I want to hold on to the memories. About the peppermints in his pockets on Sunday mornings for me to find when I sat beside him EVERY Sunday at church. Or P-O-P being the first word I could spell, and I remember spelling it for him over and over. How he aways had a real handkerchief. Letting us watch him in the shop or work with him in the garden as kids.  Picking muscidimes to eat and catawba worms for us to go fishing, or for him to sell the worms at the lake. Skinning deer and how you never ever want to bust the stomach. How he was a sharp shooter, but he couldn't stand war. And how he didn't want to talk about his military service. How he helped my Daddy build the camphouse, and how he truly believed it existed for family. He taught us that you never mow the yard or go fishing on Sundays. Sundays were about church and family. And as kids, we did just that. When we were younger we went "visiting" on Sundays. How he loved cashews and those orange circus peanuts. How he could be tough as nails, but it was only because he had high expectations. How he would pick me up at school or take me to the doctor when I was sick. (I called my Granny when I was little and at school sick, and my Pop always came to get me.) The delayed reaction when he would pick up the phone and say ............."Hello". How I remember his work jumpsuits he always wore, always navy or green. How he ALWAYS folded his pajamas and put them under his pillow. How he loved the outdoors and was so talented and (in my mind) could fix or do just about anything. He loved wood working and making things. How he grew up in a different time...and he still would hammer out bent nails or eat half a can of chicken noodle soup. How as a kid, his Coke was a treat, and you didn't dare drink one without permission. That you better keep the back porch door shut if the air conditioner was running. How he always had a dog. And he couldn't stand the cats. (Even though I loved them, and he ALWAYS had a bunch.) Cooking his supper and making his favorite white cake with chocolate icing, and lining up the pecans on top just like Granny taught me. How he would ride his 4-wheeler or walk through the woods to our house because he hadn't seen us that day.  Or as we grew older, because he heard we were were home. (But he wouldn't say that.) If we weren't at church, he would stop by to find out why.  And if Mama wasn't going for whatever rare reason, you ALWAYS had a ride to or from church. He let us be kids, but respectful kids. But don't dare slide down the stairs or play in Granny's junk room. :-) How he expected us to do right and act right. (Granny, on the other hand, would let me get away with murder.) How he always called me Sis as he grew older, and how he softened with age and loved kisses on the cheek. His silly Christmas socks and his bunch of ties. How he's taught the older men's Sunday school class as long as I've been alive. How he was always clean shaven until he started going down. Pop got to be there for my wedding. He met Arleigh. He had pizza with Clarence in our living room. Last Christmas, our Pop envelope was addressed to John, Penny, Clarence and Little Penny. How he gave CLARENCE a dollar at Christmas and had a sense of humor. How he STILL used his military issued razor. How he didn't loose his sharp-as-a-tack mind. How he called Arleigh his baby. It's almost if what I remember as my Andy Griffith Mayberry childhood is going too. I have so many awesome memories. He loved us. He loved family. All of us, even my crazy dog.  He even let Clarence in his house to visit.  Most importantly, he took his role as a Christian seriously.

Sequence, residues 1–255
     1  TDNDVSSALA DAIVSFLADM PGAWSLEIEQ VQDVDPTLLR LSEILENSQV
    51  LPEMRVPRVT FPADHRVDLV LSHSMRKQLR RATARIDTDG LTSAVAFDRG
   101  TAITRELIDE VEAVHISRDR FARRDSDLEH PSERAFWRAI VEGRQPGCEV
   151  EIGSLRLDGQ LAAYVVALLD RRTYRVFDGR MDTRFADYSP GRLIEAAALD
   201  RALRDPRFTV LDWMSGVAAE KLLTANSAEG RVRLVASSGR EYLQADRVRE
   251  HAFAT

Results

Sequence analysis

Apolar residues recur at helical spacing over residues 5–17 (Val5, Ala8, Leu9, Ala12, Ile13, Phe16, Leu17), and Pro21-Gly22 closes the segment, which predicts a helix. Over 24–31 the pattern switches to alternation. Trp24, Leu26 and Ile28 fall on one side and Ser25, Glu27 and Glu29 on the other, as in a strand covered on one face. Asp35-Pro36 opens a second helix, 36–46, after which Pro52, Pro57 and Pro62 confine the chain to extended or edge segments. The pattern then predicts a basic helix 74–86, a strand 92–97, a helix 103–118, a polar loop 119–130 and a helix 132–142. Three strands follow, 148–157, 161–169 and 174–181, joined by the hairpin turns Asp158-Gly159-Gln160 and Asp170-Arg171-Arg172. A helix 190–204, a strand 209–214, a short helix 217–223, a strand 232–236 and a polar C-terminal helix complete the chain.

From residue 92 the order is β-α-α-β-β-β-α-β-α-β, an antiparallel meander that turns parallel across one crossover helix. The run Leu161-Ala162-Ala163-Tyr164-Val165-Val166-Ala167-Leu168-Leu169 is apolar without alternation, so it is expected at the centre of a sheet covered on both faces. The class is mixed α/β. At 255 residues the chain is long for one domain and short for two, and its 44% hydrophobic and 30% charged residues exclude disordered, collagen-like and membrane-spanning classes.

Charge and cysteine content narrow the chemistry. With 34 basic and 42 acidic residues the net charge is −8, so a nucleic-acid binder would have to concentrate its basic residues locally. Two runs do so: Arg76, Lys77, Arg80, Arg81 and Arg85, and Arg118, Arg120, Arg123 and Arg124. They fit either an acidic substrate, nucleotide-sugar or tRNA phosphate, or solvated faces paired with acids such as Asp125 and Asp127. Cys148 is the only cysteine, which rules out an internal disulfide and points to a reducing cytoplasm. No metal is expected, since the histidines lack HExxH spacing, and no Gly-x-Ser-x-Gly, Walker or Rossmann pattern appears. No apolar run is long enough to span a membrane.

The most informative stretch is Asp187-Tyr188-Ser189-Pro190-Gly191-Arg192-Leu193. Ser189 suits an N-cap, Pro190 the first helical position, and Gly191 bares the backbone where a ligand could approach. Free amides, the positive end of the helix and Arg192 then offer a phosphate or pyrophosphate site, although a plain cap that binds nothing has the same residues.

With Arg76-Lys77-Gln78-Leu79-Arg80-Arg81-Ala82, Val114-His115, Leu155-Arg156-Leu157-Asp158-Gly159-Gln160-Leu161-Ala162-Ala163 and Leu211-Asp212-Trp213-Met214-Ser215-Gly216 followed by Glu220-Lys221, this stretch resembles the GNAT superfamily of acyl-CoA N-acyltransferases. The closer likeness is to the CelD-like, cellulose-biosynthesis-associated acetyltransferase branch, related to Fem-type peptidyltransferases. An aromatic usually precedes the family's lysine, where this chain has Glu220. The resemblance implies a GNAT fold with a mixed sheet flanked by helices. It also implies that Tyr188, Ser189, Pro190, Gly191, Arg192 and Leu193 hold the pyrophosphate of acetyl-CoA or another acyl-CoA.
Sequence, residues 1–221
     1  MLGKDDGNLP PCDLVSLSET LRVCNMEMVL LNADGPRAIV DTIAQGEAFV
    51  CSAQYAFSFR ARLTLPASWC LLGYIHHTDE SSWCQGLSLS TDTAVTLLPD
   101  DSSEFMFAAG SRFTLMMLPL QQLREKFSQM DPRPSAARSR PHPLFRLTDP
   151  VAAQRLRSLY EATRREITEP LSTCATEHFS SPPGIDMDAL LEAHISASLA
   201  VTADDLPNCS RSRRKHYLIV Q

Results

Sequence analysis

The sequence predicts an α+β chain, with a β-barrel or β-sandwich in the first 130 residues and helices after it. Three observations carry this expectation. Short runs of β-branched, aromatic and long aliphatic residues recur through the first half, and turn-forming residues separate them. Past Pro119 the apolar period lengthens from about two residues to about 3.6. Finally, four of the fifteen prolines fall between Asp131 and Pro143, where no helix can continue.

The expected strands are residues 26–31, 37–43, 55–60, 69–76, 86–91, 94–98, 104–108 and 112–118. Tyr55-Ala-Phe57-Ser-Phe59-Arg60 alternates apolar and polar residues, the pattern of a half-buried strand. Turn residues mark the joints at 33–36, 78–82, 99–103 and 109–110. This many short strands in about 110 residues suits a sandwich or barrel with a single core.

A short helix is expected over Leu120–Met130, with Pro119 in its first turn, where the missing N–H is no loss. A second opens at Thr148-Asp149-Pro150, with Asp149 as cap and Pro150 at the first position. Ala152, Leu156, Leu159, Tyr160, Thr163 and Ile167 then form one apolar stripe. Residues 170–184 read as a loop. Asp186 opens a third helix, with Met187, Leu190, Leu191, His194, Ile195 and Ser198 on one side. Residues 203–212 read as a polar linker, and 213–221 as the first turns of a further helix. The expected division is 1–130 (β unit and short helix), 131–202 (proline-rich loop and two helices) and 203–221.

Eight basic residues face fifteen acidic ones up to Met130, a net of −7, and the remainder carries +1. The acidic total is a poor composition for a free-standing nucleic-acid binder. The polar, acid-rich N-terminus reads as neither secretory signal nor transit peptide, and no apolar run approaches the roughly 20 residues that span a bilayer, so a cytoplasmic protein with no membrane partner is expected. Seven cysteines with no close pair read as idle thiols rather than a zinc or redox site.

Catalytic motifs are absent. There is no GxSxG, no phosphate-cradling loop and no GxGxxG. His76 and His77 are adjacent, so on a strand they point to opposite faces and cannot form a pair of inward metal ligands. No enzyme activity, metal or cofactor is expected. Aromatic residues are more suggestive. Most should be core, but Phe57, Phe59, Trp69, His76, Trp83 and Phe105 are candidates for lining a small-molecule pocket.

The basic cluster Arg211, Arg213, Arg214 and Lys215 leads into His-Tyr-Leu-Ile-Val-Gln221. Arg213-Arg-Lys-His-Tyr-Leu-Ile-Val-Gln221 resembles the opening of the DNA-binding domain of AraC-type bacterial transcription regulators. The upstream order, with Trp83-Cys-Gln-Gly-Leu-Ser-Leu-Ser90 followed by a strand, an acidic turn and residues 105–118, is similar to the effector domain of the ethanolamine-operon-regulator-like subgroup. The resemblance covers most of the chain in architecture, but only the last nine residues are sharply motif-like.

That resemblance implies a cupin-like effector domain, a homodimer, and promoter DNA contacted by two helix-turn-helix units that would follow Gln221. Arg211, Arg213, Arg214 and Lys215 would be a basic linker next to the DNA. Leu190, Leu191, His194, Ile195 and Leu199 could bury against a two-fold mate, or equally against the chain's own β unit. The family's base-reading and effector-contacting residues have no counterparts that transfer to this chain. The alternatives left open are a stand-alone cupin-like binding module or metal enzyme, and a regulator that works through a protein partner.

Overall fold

The fact is, up until fall of last year, my Pop was still plowing fields and hunting at 89. This new life, of being confined indoors and not able to participate in life, just isn't him. It's selfish to want to hold him here when he can be back to plowing fields in heaven and sitting with God.

Last Saturday, I attended a bible study on leaving a legacy. When I think of the legacy I want to leave, I think of my Pop. It's the legacy he is leaving us with, and I want to leave at least as much with Arleigh. I pray that she remembers me as I will remember Pop.

With all the prayer requests, let me encourage your prayers in a different direction. Let me encourage you to pray for the souls he touched all these years to keep on reaching and teaching others to come and grow in Christ for generations to come. Let that be his legacy. Pray for peace as our family transitions one of our best to heaven.   Pray for God's will in this. Pray for us to never forget him as a man of God. Pray for all of us to be more like him, and in doing that, we will be grow closer to HIM.

1 Peter 1:3-5 Blessed be the God and Father of our Lord Jesus Christ! According to his great mercy, he has caused us to be born again to a living hope through the resurrection of Jesus Christ from the dead, to an inheritance that is imperishable, undefiled, and unfading, kept in heaven for you, who by God’s power are being guarded through faith for a salvation ready to be revealed in the last time.